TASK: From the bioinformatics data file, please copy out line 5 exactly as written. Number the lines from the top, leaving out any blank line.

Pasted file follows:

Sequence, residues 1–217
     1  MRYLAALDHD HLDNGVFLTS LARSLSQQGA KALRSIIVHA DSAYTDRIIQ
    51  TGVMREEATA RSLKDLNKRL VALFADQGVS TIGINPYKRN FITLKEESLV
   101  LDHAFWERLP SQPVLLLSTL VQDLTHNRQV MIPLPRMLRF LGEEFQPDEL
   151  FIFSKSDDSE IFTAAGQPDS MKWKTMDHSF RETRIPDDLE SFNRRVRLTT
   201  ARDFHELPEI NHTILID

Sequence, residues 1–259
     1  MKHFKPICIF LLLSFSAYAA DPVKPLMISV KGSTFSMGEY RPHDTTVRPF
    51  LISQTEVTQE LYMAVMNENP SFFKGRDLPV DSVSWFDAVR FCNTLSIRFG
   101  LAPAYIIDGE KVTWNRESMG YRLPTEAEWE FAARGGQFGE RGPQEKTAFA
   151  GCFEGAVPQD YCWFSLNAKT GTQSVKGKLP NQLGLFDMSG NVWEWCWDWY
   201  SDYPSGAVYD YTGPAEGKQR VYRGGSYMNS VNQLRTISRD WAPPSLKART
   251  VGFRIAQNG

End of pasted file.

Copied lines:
   151  FIFSKSDDSE IFTAAGQPDS MKWKTMDHSF RETRIPDDLE SFNRRVRLTT